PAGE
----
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I have a few friends who say "oh, I can't eat all that fruit because I have reactions to them". They said that some of it could be reactions to the pesticides but some fruits just make their throat feel weird or break out in a rash or something. This is very strange to me since I believe that almost all fruit should be safe to eat for everyone. 

From what I've heard, allergic reactions like this can happen when actual proteins are absorbed into the blood stream due to things like leaky gut. The body produces an immune response to combat these foreign proteins and can mistakenly attack other healthy cells. Is this corect? 

I guess my overarching question is, what is the true cause of allergies and can people legitimately be allergic to a banana or a mango?

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I have a friend who is allergic to all fruit, including those like tomatoes, cucumber etc. The only way he can eat fruit is if it has been marinated in an alcoholic drink, so it's not all bad news for him :-) Seriously, I'm not joking, he has real reaction if there is even a tiny bit of fruit in a dish. I think I read somewhere recently that fruit allergy could be not so much allergy to fruit, as fat or something, triggered by the fruit?

Tomato allergy may be caused because it's a nightshade? http://www.nightshadefree.com/

Kelly, so you used to be allergic and now you aren't? Does this mean that most people who say that they allergic to a a fruit just need to clean their diet/lifestyle up and they will fix many of their allergies?

I have had issues with apples and cherries too. So glad I'm not alone.

Some interesting info I came across:

The number of people who are allergic to fruit and vegetables is soaring and could already surpass the number of people suffering from peanut allergies, according to experts.

The charity Allergy UK told FoodNavigator.com that they are seeing more cases of oral allergy syndrome (OAS), which is an allergic reaction to food limited to the lips, mouth and throat.

Fresh fruit, vegetables and nuts are common causes and foods that are more likely to trigger it include celery, carrots, tomatoes, apples, peaches, pears and hazelnuts.

The syndrome is linked to hayfever, which affects two in every 10 people in the UK. Meanwhile recent figures show peanut allergies affects one in 50 young people in the UK.

This means that OAS is likely to be more prevalent than peanut allergies, which are far less common, according to Allergy UK spokeswoman Lindsey McManus.

The syndrome is linked to hayfever because pollens from trees (especially Birch), grasses and weeds contain proteins of similar structure to those present in certain fruit, vegetables, nuts and spices.

These proteins are recognised by the immune system of a hayfever sufferer and can trigger an allergic reaction when they eat a food that shares the same protein as the pollen.

McManus said the body sees it as being the same allergen and added: “When people eat apples, particularly at the birch pollen time, or some stone fruits the allergen in them causes a reaction.”

Source: http://www.foodnavigator.com/Science-Nutrition/Fruit-and-veg-allerg...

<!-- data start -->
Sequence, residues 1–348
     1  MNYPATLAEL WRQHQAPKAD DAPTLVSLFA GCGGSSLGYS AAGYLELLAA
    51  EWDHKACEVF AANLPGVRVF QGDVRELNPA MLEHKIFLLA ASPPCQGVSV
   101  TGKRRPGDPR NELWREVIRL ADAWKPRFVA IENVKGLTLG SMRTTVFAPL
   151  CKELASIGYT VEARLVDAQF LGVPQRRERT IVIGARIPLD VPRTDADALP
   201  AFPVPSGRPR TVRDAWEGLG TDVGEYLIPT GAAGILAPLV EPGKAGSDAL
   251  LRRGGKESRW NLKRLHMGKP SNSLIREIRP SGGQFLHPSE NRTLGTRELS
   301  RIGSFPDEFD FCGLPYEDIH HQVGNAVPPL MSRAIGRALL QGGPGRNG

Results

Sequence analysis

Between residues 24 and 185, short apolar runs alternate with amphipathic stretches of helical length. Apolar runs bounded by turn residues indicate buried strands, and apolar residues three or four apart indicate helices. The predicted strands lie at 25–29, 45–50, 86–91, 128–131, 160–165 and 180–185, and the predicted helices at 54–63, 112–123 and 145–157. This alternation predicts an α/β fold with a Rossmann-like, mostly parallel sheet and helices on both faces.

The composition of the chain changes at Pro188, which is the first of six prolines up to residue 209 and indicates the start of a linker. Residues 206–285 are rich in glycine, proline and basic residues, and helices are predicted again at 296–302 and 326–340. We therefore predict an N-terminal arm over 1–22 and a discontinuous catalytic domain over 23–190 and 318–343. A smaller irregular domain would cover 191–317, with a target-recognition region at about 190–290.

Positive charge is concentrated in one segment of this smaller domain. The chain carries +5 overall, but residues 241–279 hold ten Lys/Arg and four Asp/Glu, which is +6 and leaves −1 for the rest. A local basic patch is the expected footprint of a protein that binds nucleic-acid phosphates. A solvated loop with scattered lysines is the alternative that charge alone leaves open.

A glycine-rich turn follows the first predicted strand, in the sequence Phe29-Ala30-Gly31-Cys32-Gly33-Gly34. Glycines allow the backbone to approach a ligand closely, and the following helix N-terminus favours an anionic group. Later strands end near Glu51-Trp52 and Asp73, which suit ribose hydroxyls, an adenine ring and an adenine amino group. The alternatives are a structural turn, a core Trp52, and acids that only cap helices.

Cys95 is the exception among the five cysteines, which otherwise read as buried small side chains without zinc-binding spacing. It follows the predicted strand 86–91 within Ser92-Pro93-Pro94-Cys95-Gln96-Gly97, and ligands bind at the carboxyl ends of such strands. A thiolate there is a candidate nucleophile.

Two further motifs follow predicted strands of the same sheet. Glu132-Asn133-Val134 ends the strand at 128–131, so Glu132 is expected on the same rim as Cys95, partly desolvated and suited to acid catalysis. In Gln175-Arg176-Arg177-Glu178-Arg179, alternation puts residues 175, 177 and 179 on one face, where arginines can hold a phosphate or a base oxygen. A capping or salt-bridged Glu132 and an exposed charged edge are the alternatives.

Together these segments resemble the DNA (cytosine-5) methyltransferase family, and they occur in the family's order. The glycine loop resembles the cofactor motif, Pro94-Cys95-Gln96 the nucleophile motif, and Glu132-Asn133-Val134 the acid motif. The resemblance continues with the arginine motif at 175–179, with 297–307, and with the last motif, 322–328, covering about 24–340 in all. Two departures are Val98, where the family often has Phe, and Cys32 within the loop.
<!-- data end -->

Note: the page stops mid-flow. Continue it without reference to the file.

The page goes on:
I also came across a guy's blog and he provides some interesting thoughts: http://dougzuck.com/the-truth-about-fruit-allergies-and-how-to-make...

What’s the deal with fruit allergies?
The whole fruit allergy thing is SO bothersome. And I’m not talking about just having fruit allergies, which is annoying, to say the least, but I’m also talking about the mystery surrounding where they come from. There are tons of postings all over the web, but none really point to any quality information about how to rid yourself of those darn allergies! If you do a search for “Oral Allergy Syndrome,” you’ll end up with lots of posts and articles on the subject. Pretty much every one of them says that fruit allergies are on the rise, in general, and that the cause isn’t known or understood. The only suggestion they make is to stop eating the fruits that produce an allergic reaction. Not too helpful.

I can’t make any promises to you about getting rid of your fruit allergies. But what I can offer you is the hope of getting rid of them. I was able to get rid of mine, and it makes me believe that there’s no reason that you can’t get rid of yours. The hard part, of course, is figuring out how to go about doing it.

A brief background of my history with fruit allergies
Throughout junior high and high school I was one of those kids who took an apple to lunch with me every day. I loved apples. I liked other fruits too, but during that period of time, apples were my thing. One day in high school I began to notice that after eating an apple my throat and mouth would get itchy, and I’d get some bumps and general swelling around and on my lips. It got progressively worse over time, and I eventually stopped eating apples. The really sad part was that I had to stop eating pears, strawberries, cherries, peaches, nectarines, and plums too! Some people talk about pesticides as a possible cause for these allergies, but I would react equally to organic fruit, so I don’t think that had anything to do with it. I should also note that people often tend to associate fruit allergies with people who get spring allergies, and I do deal with allergies in April and May, so that’s certainly a possible link. However,